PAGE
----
Previously, to match the simulation with experimental results, analysts had to adjust a number of parameters. The problem is that a set of parameters that are suitable for one geometry may not work for others. After having tested these material models myself, I realized that the lack of consideration of irreversible strains in a continuous damage mechanics-based model is a major problem in axial crash simulation. On the other hand, with the exception of a few, most vehicle structures will not be subjected to axial loading. The inability to predict an axial crash should not prevent the use of composites in these applications.
In a presentation at the Modeling, Simulation and Crash Safety Congress 2016, I will discuss the requirements for composite material models for different types of vehicle structures. I will also present the key developments in axial crash simulation of composite tubes. We are working on coupled damage-plasticity models for composites. The improved material models together with a new shell-beam method for thin-walled structures have resulted in promising improvement in axial crash simulations of composite tubes.
What are the most important hurdles to overcome in implementing CAE and FEA in the safety testing of lightweight materials?
With high fidelity FEA simulations, different design options can be evaluated through virtual testing before they are built. Virtual design and validation is critical to car makers. If the simulation technology is not ready for a material, extra tests will have to be conducted. This is a hurdle for the use of composites in crash critical components.
For crash simulations, we still have some gaps for metallic materials. As mentioned, we need to differentiate the types of vehicle structures. In many cases, we can bridge the gaps with the existing technology. The constitutive models for crash simulations inevitably have many parameters. Some of them are difficult to measure. If we have experimental results covering enough load cases, parameter optimization may help us to get the set of parameters which provides the best correlation for the load cases tested. I did some work several years ago and it is effective. On the other hand, one must know that these values are not necessarily valid for a new load case.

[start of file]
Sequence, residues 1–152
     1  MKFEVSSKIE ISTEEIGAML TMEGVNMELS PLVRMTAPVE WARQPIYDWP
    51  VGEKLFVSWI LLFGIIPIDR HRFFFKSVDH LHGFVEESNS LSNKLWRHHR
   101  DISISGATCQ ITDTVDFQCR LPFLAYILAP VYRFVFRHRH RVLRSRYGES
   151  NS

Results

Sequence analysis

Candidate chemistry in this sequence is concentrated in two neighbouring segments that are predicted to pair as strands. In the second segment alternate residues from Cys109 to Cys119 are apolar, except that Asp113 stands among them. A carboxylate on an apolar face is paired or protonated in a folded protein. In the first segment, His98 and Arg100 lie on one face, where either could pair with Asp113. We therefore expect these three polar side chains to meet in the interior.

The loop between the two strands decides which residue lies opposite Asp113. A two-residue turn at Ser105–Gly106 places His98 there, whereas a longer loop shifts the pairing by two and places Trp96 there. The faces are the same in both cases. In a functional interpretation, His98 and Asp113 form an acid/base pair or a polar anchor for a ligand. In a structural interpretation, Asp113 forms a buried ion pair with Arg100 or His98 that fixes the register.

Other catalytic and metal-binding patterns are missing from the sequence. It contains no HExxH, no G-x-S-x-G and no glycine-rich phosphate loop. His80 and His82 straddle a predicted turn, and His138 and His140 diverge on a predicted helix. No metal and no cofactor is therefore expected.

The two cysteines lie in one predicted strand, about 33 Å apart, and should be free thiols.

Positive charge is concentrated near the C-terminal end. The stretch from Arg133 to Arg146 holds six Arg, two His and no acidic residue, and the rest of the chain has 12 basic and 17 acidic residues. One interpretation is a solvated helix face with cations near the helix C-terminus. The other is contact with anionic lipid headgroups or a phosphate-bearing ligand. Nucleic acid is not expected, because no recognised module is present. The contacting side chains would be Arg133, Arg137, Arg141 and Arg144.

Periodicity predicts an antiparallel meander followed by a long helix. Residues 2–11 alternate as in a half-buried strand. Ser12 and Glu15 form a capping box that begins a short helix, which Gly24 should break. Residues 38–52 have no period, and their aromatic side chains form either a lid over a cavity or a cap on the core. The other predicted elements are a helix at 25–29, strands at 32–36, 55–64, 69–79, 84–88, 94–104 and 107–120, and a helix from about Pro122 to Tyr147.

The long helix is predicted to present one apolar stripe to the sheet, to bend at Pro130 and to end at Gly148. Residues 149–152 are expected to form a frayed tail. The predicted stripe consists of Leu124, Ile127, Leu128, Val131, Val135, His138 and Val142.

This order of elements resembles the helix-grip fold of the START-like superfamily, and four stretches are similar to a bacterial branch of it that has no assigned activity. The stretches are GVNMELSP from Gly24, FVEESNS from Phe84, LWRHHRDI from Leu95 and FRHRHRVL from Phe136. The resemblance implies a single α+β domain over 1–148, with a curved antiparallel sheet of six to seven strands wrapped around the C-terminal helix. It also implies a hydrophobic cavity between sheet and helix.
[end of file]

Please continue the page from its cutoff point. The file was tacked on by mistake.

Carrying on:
What are some of the implications of improved material models and more accurate safety simulations to the manufacture of lightweight vehicles?
FEA simulation has changed the landscape of automotive design. The car manufacturer will not turn back the wheel to a test-intensive design procedure as it were before computers. To increase the use of composites in crash critical structures, we have to be able to predict the crashworthiness of the structure as we do for metal parts. Good material models and robust and accurate safety simulations are critical to vehicle lightweighting. The technology for the crash simulation of composite structures has improved a lot. Ideally, these new developments need to be examined carefully in a coordinated effort. Individual teams can only carry the research to a certain extent.
Both Steven Sheng and Xinran Xiao will be presenting their research at the Modeling, Simulation and Crash Safety Congress 2016, which takes places January 26-27, 2016, and will be held at the Grand Ballroom, Detroit Marriott Troy Hotel, Detroit, Michigan, USA.